Opinion No. 2016-119

January 24, 2017

The Honorable Douglas House
State Representative
8923 Bridge Creek Road, CATO
North Little Rock, AR 72120-9469

Dear Representative House:

This is in response to your request for an opinion concerning the Arkansas Medical Marijuana Amendment of 2016, which voters approved at the November 2016 general election. You ask in this regard:

Are members of the Legislature obligated, under the terms of the Marijuana Amendment, to take certain actions that would facilitate the manufacture and delivery of cannabis in violation of the laws of the United States?

Would voting to pass laws and regulations to carry out the purposes of the Marijuana Amendment, or the execution of such laws and regulations by the executive, constitute a violation of such laws of the United States? Of particular concern are the statutes prohibiting manufacture and distribution, conspiracy, and the Racketeer Influenced Corrupt Organization statutes [and] … federal tax statutes and Food and Drug Administration laws that bear on the subject of cannabis, as well as others [that] may be relevant to my inquiry.[1]
RESPONSE

In response to your first question, the actions required of the General Assembly under the Arkansas Medical Marijuana Amendment of 2016 (“AMMA” or “Amendment”) appear to be mandatory under the plain terms of the Amendment. More specifically, based on the AMMA’s plain terms, it is my opinion that the General Assembly lacks discretion to decide whether to establish the Medical Marijuana Commission Fund or appropriate revenues arising under the Amendment. I am unable to opine on your second question, as it depends upon the interpretation and application of federal law.

DISCUSSION

Question 1: Are members of the Legislature obligated, under the terms of the Marijuana Amendment, to take certain actions that would facilitate the manufacture and delivery of cannabis in violation of the laws of the United States?

The General Assembly is obligated under the plain terms of the Arkansas Medical Marijuana Amendment of 2016 to create a fund to defray certain administrative and regulatory costs under the AMMA.[2] The General Assembly will also be required to appropriate state sales tax revenues and other revenues generated under the AMMA, for proper distribution to state agencies charged with administering various aspects of the Amendment.[3] The AMMA authorizes the General Assembly to enact additional appropriations, depending upon the availability of other funds.[4] Based on the Amendment’s plain terms, however, the General Assembly lacks discretion to decide whether to establish the Medical Marijuana Commission Fund or appropriate revenues arising under the Amendment.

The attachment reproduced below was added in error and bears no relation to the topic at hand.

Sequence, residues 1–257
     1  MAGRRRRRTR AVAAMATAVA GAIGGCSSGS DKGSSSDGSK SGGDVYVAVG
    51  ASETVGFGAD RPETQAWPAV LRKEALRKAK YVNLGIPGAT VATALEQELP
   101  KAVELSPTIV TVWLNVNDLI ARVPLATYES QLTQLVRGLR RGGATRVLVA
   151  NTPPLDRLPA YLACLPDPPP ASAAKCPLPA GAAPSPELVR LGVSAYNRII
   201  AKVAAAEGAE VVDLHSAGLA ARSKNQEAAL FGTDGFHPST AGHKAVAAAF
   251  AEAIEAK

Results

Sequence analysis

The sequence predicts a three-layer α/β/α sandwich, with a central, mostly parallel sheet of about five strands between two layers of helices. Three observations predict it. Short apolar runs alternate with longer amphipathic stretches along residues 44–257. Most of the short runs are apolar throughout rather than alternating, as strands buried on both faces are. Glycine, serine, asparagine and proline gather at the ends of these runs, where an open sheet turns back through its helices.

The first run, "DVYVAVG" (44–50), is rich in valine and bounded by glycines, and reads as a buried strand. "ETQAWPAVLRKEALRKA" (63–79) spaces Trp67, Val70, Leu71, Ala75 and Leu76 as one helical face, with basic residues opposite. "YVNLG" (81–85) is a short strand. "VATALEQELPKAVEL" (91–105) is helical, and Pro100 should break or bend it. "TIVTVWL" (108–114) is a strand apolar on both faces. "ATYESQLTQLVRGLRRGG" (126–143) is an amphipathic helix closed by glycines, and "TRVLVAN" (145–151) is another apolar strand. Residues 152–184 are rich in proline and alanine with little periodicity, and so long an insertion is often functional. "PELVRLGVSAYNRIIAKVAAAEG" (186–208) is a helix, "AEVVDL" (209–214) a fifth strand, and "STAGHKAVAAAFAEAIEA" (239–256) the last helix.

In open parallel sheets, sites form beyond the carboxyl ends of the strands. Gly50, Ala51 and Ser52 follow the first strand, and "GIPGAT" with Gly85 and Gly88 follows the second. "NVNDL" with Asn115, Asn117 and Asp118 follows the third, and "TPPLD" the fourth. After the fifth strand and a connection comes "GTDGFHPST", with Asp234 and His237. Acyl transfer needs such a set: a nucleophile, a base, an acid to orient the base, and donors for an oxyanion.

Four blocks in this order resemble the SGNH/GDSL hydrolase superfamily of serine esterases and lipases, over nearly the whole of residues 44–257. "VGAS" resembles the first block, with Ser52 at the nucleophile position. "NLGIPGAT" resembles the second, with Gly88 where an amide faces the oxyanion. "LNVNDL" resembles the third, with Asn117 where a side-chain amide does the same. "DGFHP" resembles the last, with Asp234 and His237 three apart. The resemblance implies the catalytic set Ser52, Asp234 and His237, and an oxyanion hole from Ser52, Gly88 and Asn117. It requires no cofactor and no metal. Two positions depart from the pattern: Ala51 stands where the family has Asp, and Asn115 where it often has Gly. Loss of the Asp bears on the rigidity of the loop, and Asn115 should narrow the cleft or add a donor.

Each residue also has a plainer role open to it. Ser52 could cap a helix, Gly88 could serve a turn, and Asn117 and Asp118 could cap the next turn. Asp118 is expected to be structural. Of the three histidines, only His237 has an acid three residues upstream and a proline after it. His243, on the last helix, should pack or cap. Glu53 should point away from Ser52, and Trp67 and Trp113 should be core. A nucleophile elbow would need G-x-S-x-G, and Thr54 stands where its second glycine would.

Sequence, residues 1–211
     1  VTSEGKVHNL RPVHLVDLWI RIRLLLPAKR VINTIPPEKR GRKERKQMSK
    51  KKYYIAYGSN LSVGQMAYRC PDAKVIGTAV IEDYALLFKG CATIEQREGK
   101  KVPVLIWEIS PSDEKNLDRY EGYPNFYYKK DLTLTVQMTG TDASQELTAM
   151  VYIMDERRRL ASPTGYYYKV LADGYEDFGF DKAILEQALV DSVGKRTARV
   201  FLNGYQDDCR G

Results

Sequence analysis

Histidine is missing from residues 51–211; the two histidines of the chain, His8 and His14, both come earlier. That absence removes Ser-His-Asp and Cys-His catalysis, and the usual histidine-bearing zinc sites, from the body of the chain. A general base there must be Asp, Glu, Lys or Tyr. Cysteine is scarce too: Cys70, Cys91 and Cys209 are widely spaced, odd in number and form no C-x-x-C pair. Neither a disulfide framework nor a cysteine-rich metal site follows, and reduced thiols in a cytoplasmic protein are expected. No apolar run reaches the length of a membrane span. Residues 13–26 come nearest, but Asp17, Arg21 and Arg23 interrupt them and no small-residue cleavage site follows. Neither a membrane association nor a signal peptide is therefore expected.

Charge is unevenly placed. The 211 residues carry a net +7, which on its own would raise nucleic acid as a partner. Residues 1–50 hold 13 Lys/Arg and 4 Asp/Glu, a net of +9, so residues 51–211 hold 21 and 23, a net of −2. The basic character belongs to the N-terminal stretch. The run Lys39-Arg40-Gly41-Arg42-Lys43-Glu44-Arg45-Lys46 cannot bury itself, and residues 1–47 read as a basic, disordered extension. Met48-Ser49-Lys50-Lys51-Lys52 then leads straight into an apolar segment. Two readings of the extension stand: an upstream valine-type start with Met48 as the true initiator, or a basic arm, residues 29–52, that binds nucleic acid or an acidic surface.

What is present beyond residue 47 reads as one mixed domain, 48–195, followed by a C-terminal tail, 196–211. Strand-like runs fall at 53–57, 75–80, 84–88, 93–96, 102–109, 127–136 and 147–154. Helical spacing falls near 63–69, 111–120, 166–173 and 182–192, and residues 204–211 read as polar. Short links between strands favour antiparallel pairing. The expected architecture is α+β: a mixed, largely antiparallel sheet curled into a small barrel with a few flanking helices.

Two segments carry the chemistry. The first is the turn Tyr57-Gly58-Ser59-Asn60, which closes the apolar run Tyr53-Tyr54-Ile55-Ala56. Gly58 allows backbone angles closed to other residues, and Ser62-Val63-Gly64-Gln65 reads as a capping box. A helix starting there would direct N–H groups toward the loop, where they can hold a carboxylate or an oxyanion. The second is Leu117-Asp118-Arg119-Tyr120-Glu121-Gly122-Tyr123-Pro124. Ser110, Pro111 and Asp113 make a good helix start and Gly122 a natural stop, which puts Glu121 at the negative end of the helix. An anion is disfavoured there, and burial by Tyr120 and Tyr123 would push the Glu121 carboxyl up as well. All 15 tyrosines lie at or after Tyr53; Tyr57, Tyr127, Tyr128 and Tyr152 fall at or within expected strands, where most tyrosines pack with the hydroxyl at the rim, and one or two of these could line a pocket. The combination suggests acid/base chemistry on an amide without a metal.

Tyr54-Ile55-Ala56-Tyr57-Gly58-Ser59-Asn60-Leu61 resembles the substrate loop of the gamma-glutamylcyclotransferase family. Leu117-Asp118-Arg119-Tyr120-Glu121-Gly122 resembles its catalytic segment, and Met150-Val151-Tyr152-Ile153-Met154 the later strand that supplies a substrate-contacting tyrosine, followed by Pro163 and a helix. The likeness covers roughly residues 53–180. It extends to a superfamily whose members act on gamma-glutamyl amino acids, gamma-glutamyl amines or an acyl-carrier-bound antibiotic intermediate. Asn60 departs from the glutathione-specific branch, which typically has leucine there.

Question 2: Would voting to pass laws and regulations to carry out the purposes of the Marijuana Amendment, or the execution of such laws and regulations by the executive, constitute a violation of such laws of the United States? Of particular concern are the statutes prohibiting manufacture and distribution, conspiracy, and the Racketeer Influenced Corrupt Organization statutes [and] … federal tax statutes and Food and Drug Administration laws that bear on the subject of cannabis, as well as others [that] may be relevant to my inquiry.

The resolution of this question depends upon the interpretation and application of federal law, which are matters falling outside the scope of an opinion from this office.[5]

The federal Controlled Substances Act (“CSA”)[6] prohibits the possession and distribution of marijuana; and there is no exception for marijuana used for medical purposes.[7] The AMMA thus cannot act as a shield to federal criminal prosecution under the CSA.[8] As an abstract legal matter, because federal law prohibits the possession and distribution of marijuana and there is no exception for medical marijuana, it is impossible to definitively say that no state government official or employee could be subject to prosecution for actions required by the AMMA. Such decisions lie in the discretion of federal officials.[9] Nevertheless, I believe it is more likely than not that such a prosecution would fail. At least one state’s high court has rejected an argument that public employees could be liable as “aiders or abettors” by complying with their obligations under their state’s medical marijuana law.[10]

Moreover, as a practical matter, I suspect that those actually possessing and distributing marijuana are the ones more likely to face the prospect of federal prosecution, as opposed to either state lawmakers who must enact laws in accordance with the AMMA or executive-branch officials who must enforce the Amendment.[11]